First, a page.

Latest statistics reflecting impact of CERB strongly support basic income systems, experts say
Despite COVID-19's devastating effects on the labour market, income inequality significantly declined as a result of pandemic assistance programs, which increased household after-tax income, according to recent census figures made public by Statistics Canada.
Experts argue that this data makes a compelling case for the introduction of basic income programs in Canada to assist low-income households, reported the Toronto Star.
Canadian incomes showed a general uptrend in 2020 except for Alberta, Newfoundland, and Labrador, StatsCan reported. While the median after-tax household income rose 4.5% from 2010 to 2015, it jumped by 9.8% to $73,000 in the succeeding five-year period that ended in 2020.
Household income increased despite fewer Canadians earning employment income during that time as COVID-19 upended the labor market, which Statistics Canada attributes primarily to federal government transfers during the pandemic.
The Canada Emergency Response Benefit (CERB) was one of the relief programs that paid out to almost two-thirds of Canadian adults.
“After-tax income growth was faster for households with lower incomes, reflecting greater contributions of the Canada Child Benefit and pandemic relief benefits to the incomes of lower-income families,” the agency said.
The number of Canadians living in poverty decreased simultaneously with the drop in income disparity between 2015 and 2020.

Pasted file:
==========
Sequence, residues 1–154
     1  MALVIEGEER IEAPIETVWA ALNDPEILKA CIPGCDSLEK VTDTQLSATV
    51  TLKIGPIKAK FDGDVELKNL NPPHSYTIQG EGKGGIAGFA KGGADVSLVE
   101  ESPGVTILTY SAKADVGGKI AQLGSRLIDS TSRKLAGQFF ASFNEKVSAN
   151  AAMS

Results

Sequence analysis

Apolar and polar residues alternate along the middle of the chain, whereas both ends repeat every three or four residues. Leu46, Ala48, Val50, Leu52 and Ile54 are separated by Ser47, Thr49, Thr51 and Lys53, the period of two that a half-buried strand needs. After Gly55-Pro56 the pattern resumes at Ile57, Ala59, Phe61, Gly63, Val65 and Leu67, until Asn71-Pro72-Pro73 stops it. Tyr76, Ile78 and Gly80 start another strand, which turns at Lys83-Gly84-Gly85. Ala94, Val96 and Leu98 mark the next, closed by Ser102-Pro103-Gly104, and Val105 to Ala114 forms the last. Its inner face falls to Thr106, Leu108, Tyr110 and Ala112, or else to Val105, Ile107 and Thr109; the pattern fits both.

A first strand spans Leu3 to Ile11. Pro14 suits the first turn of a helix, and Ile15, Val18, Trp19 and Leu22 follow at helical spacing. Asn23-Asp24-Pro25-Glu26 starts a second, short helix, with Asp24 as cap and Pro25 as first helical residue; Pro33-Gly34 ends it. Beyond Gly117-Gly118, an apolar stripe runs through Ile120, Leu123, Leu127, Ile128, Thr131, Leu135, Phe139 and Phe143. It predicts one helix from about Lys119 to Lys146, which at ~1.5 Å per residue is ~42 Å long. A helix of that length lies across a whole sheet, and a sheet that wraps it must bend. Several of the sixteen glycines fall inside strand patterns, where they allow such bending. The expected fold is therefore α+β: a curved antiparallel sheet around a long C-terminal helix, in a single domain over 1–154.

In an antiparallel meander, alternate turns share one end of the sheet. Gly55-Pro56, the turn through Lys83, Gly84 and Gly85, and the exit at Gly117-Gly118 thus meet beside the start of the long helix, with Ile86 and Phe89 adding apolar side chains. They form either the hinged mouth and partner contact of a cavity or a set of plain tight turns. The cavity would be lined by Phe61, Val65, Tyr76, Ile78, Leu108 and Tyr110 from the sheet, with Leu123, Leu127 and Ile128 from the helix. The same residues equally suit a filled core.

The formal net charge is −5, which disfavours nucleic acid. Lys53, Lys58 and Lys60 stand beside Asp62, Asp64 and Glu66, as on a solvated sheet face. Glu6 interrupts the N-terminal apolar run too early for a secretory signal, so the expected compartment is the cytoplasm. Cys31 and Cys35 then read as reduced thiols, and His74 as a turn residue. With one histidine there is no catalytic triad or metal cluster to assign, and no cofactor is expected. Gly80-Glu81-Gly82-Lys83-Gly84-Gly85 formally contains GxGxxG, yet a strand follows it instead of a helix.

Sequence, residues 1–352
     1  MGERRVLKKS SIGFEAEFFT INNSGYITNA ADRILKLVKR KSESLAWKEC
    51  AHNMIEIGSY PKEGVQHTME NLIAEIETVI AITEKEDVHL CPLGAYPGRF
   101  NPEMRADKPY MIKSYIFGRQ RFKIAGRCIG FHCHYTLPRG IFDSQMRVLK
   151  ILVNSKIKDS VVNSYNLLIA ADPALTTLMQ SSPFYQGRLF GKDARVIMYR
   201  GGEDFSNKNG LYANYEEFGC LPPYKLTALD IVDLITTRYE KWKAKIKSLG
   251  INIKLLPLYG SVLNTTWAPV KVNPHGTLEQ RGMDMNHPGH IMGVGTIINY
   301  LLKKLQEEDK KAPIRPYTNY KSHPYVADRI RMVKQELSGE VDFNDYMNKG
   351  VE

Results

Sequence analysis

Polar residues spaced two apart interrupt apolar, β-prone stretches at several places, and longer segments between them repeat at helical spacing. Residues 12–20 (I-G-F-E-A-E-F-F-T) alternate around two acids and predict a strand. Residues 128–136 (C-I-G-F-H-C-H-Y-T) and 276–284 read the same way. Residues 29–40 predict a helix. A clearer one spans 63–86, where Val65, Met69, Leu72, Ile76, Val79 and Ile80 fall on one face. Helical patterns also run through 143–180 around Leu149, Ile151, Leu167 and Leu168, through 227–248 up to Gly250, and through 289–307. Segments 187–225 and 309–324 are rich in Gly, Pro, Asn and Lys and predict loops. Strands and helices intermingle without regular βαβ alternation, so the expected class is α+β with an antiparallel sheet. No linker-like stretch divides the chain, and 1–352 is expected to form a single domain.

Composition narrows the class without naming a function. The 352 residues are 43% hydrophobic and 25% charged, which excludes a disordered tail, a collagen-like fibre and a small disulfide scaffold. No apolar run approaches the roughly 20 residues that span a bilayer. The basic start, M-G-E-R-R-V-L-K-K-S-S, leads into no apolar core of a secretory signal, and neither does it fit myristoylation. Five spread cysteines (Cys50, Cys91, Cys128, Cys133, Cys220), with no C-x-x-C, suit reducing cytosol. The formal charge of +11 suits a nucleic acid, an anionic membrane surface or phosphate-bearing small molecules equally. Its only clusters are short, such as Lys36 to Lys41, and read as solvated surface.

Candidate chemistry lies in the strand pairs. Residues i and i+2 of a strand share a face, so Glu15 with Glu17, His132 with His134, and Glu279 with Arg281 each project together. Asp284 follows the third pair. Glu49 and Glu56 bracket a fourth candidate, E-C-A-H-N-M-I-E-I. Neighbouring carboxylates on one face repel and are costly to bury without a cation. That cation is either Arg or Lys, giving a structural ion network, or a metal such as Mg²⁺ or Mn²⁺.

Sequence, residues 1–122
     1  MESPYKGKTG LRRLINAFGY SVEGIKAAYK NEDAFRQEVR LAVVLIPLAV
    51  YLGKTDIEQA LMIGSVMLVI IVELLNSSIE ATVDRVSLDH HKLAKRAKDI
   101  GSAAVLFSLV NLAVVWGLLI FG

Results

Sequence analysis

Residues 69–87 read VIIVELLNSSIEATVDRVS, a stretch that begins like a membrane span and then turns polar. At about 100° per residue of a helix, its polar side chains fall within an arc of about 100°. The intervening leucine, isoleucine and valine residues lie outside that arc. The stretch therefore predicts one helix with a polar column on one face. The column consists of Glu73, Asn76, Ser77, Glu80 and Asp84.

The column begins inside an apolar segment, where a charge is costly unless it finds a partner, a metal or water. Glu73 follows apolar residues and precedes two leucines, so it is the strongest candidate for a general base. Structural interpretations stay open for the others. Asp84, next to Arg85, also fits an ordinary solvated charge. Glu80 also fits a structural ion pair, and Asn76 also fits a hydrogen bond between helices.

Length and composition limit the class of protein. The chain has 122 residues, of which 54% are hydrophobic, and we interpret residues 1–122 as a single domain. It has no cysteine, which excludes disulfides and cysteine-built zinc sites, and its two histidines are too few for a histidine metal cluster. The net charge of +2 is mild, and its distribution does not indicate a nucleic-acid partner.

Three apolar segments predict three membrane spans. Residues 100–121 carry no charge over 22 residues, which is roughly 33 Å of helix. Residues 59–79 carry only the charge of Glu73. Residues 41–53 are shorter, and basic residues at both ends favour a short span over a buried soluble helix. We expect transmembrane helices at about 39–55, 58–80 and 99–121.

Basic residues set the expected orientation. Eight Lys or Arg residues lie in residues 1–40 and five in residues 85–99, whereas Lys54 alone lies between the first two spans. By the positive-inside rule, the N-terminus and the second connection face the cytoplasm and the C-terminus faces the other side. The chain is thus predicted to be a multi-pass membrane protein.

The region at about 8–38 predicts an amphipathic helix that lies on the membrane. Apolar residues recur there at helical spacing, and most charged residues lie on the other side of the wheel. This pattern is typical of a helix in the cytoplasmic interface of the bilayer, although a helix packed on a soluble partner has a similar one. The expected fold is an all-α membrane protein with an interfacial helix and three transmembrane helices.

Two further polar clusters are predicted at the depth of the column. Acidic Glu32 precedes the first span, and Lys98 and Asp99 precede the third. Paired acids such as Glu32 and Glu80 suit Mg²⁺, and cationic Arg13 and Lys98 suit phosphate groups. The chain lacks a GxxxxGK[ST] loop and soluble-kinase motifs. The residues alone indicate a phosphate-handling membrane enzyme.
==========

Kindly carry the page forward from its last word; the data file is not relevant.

The percentage of Canadians with low incomes fell from 14.4% in 2015 to 11.1% in 2020, the biggest drop in any five-year period since 1976.
“What these data shows is that basic income works, and I think if we have the political will to actually put an income floor under people, I think this is evidence to show some of the benefit,” Elaine Power, a professor at Queen’s University and co-author of “The Case for Basic Income,” told the Star.
The number of Canadians making under $20,000 grew by more than 415,000 as lower-paying positions disappeared. However, nearly one million fewer Canadians reported having no income in 2020 compared to 2019. In general, the low-income rate decreased in 2020, particularly for households with children who received the Canada Child Benefit.
Because pandemic benefits have largely ended, the agency was quick to note that the income trends shown in the data offer only a snapshot, which might no longer reflect the current economic reality.
“Income trends could therefore remain unsettled into 2021 and 2022,” the agency said. “Some of the most striking developments for 2020, specifically the strong growth in household after-tax income and the drop in income inequality and in the low-income rate, are not expected to continue in 2021 and 2022 because the driving force behind the recent movements was temporary in nature.”
According to health economist Evelyn Forget, the data demonstrating that CERB was in many respects effective should prompt low-paying employers to reconsider their strategies for drawing employees and enhancing working conditions.